People Strategies for SME's: Employee Engagement in the Post-Covid World

08 October 2020 06:51:20 BST
5 mins read

We recently hosted our first webinar featuring leading people experts to discuss employee wellbeing in the post-covid world.

A recap of the webinar is also available as:

  • A podcast, to listen to it click here.
  • A video recording, to watch it click here.

Joining us on the panel was our host, Eva Evangelou, Customer Success Director at Onalytica who is a People Manager herself. She’s passionate about empowering employees to reach their full potential, but also helping drive businesses forward.

Rebecca Bull who started, My HR Hub, just over five years ago. Her unique exposure to a range of startups, small, fast-growth organisations across the UK provided valuable feedback on how small businesses tackled HR strategies during the pandemic, noting that the SME’s who took an employee-centric approach were generally the ones who thrived. She also launched My HR Club last May, an HR subscription-based online service that features Staff Treats benefits.

Meir Adler currently leads organisation development and design at Novartis, after running his own business in organisational transformation. Prior to that, he used to lead the organisation design practice at KPMG where he was very focused on people and change and large transformations involving all the levers that HR has to drive, including engagement, culture, structure and reward.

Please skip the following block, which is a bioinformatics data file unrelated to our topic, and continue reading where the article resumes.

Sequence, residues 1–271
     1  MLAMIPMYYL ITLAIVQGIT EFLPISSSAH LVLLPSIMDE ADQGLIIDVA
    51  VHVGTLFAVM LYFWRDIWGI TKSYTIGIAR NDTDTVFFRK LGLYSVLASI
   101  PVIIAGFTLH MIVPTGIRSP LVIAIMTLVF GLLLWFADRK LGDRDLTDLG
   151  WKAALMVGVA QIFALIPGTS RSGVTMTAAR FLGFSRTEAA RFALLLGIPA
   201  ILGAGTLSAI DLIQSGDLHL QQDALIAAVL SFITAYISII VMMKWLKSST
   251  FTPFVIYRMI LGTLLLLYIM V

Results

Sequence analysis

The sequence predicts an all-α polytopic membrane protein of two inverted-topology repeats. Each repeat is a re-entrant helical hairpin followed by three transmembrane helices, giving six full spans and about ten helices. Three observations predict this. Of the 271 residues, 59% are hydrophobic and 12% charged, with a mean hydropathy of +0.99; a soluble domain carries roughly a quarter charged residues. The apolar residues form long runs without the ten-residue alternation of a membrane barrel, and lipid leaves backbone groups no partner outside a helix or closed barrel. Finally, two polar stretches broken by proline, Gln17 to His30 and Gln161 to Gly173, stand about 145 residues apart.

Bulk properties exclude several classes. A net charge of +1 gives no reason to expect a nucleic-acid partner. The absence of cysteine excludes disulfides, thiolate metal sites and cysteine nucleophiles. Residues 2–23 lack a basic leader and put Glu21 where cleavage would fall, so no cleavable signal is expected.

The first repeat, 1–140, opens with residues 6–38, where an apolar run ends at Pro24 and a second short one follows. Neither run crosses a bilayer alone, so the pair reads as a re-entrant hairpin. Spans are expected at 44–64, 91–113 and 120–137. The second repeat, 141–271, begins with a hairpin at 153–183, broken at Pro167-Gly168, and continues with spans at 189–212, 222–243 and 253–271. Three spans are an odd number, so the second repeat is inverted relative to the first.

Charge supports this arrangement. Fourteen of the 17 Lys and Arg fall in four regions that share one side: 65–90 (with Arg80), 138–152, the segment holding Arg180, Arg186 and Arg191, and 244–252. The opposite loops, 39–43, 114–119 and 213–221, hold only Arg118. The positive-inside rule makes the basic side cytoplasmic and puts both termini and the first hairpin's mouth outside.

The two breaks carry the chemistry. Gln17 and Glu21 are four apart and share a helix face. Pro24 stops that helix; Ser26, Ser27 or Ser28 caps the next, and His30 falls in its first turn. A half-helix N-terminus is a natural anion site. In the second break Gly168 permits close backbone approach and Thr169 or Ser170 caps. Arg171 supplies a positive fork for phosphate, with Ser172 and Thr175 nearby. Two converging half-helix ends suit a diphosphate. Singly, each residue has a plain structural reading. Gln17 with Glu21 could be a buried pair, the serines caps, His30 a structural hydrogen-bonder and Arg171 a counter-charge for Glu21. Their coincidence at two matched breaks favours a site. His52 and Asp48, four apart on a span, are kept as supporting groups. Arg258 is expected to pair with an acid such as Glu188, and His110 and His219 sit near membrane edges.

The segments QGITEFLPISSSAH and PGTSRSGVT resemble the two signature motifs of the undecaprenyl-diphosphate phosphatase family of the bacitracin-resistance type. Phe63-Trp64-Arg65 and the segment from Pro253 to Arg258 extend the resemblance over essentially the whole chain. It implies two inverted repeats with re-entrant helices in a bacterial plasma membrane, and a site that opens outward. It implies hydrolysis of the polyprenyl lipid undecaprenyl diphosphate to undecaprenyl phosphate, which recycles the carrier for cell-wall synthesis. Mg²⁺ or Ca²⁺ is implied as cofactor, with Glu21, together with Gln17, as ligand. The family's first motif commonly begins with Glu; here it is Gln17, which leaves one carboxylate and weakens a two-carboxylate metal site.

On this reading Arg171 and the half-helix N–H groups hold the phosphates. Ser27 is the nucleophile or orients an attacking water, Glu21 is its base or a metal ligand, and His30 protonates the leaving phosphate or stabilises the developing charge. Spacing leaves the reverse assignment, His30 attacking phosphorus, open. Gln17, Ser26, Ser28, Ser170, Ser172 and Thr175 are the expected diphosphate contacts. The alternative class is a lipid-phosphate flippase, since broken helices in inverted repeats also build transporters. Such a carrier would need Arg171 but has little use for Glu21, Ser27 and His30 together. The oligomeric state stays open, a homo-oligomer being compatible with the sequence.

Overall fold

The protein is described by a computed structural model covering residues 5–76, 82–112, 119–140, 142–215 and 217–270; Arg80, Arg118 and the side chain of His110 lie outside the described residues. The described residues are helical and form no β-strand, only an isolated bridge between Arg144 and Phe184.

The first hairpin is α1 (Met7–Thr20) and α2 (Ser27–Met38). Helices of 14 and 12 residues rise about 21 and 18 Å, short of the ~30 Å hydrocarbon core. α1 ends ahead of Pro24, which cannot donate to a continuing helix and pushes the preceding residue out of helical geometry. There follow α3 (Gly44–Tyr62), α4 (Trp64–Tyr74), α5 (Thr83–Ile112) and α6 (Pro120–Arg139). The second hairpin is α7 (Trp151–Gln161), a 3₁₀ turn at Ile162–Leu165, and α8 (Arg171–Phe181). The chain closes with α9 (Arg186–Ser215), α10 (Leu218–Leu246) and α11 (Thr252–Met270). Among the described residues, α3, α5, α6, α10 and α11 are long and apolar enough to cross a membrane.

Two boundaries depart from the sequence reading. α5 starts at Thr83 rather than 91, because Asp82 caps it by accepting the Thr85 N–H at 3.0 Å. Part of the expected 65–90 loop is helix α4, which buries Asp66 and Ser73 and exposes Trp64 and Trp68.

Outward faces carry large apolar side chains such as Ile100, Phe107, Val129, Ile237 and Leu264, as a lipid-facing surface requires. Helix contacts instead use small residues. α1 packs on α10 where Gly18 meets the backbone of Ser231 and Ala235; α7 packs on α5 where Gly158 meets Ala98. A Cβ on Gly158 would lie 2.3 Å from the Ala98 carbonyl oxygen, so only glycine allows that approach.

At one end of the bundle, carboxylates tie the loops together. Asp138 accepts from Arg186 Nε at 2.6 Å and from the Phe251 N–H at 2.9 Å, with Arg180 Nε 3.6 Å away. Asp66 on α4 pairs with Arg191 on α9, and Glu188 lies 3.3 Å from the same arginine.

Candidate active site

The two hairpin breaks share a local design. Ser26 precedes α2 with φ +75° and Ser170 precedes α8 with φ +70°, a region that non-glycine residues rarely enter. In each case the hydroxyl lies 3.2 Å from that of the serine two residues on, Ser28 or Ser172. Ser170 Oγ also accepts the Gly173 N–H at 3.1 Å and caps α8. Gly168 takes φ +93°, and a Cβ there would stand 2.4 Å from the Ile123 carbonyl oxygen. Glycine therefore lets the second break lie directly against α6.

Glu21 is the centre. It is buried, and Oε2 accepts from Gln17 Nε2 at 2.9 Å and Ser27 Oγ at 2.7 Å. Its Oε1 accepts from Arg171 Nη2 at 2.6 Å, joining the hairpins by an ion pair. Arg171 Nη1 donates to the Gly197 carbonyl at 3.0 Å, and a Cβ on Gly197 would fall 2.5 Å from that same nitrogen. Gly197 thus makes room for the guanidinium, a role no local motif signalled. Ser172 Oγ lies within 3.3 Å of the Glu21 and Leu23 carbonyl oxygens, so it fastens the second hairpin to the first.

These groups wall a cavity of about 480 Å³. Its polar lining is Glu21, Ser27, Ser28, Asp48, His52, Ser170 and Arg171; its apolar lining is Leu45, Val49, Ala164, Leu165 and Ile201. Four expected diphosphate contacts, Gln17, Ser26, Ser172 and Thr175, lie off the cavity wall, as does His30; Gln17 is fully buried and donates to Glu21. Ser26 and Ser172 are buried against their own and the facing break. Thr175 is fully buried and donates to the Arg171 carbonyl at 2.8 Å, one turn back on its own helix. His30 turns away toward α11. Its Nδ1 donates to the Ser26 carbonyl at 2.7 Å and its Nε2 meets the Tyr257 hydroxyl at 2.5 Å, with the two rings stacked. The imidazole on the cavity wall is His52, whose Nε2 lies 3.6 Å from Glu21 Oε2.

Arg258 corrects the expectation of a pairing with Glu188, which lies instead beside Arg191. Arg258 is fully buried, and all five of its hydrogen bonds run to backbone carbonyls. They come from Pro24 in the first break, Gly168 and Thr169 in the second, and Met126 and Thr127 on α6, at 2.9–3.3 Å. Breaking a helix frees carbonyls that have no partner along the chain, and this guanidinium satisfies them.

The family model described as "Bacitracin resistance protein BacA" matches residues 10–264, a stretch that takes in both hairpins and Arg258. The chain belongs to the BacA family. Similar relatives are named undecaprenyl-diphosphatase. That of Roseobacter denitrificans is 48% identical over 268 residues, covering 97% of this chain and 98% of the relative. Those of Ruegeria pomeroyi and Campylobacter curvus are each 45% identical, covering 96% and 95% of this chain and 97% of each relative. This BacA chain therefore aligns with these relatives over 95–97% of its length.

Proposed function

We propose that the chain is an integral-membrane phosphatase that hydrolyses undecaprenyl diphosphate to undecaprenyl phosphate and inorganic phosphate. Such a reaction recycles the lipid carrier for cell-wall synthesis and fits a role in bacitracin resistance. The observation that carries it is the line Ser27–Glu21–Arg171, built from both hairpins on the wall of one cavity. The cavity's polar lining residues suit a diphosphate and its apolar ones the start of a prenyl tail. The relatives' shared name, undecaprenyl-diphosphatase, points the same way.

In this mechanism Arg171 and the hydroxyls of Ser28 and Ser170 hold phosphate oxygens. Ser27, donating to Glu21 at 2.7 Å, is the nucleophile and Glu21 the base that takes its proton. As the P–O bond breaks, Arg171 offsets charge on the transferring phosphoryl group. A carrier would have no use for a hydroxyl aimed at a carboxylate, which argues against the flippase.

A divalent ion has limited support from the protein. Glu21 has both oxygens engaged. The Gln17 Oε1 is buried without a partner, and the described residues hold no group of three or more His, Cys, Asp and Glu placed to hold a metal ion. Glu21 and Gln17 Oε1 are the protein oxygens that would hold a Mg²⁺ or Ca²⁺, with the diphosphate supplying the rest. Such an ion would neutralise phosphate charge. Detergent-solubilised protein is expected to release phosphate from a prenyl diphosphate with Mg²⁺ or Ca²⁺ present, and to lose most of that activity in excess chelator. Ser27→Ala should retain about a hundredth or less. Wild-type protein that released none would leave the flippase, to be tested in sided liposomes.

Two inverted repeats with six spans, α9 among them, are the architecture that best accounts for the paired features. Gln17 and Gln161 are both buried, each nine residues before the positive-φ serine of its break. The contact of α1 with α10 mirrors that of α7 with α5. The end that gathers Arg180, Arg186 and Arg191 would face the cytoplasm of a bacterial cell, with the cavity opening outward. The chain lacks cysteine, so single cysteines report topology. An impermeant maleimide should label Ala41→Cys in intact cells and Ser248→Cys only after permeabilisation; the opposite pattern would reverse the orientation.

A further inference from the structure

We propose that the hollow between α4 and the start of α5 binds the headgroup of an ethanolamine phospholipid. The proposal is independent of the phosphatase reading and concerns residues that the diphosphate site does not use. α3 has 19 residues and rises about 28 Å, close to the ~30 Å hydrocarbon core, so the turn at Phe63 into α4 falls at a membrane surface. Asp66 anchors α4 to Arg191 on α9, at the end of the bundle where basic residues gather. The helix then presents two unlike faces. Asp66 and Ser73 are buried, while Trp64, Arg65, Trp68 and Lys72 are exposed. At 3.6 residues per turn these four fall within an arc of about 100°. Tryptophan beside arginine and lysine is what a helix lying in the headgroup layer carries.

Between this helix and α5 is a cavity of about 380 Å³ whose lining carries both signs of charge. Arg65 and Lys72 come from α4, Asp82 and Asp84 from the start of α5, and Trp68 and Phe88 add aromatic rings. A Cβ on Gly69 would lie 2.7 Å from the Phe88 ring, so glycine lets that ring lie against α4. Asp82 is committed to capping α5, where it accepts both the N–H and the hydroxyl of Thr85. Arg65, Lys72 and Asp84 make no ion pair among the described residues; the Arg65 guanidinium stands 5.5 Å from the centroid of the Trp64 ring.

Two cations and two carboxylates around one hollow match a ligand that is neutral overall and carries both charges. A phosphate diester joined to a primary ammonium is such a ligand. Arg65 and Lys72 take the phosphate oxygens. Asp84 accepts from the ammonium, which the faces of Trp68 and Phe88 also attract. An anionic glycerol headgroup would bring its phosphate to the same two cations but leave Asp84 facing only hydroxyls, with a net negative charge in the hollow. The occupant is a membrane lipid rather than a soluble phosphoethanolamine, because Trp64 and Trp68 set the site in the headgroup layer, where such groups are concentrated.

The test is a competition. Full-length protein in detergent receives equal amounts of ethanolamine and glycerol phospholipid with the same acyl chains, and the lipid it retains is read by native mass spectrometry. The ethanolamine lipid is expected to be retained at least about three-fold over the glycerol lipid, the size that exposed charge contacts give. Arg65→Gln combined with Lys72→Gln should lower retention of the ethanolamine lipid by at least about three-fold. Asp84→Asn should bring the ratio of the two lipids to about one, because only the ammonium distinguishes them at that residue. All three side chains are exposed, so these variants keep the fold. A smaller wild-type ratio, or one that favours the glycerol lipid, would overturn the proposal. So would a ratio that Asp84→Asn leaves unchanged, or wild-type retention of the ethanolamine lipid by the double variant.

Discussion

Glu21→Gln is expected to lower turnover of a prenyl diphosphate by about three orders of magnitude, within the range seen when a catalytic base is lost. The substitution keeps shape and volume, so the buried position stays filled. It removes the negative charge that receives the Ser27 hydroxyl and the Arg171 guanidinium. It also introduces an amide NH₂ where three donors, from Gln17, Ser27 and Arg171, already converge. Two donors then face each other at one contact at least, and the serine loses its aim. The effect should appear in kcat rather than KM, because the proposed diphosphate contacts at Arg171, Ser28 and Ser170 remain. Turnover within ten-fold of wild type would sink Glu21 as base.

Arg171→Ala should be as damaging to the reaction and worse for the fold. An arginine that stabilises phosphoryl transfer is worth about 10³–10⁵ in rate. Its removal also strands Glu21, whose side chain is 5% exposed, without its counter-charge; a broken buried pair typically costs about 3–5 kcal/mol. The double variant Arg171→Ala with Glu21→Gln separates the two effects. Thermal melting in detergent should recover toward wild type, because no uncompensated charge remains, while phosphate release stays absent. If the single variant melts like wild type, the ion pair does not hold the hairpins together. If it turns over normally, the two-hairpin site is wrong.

covid agility workplace

During the lockdown Meir noticed how there’s a false sense of security with project management plans and gantt charts.

The concept of agility came out really strongly during COVID and those managers and businesses who were able to “quickly adapt or pivot their strategies by breaking things down into manageable pieces, were more likely to feel a sense of accomplishment at the end of the day - an important factor in providing employees with a sense of purpose.”

Meir’s focus during the pandemic has been helping Novartis to create something that isn’t set in stone, that’s interactive and allows an achievable outcome but also breaks tasks down into smaller pieces so that people feel a sense of accomplishment and purpose while working from home. “Whether for work or personal life, people enjoy the ability to see the value in what they do and achieve in a day.”

Matthew Phelan, co-founder of The Happiness Index, a company that collects data from employees in eighty six countries across the world. His absolute obsession is the association between how people feel at work and how that impacts the performance of businesses. He described that, "there are reams and reams of data that show that happier employees perform better work and that flows through into the financial performance of the business." The data they've got at the moment, across the board, is that about 50 per cent of employees are happier when they're home and are 50 per cent happier in the office. "It's a real Brexit scenario", Matt said.

flexible work

Matt also said that, "what we do know is that happiness and engagement lead to better productivity."

Once the data is understood, it’s clear that only 50% of the workforce is going to be pleased by forcing them to return on-site so we need to be flexible, to create an environment, where people feel comfortable and they feel they can be themselves at work because the data also shows that then they’ll perform better.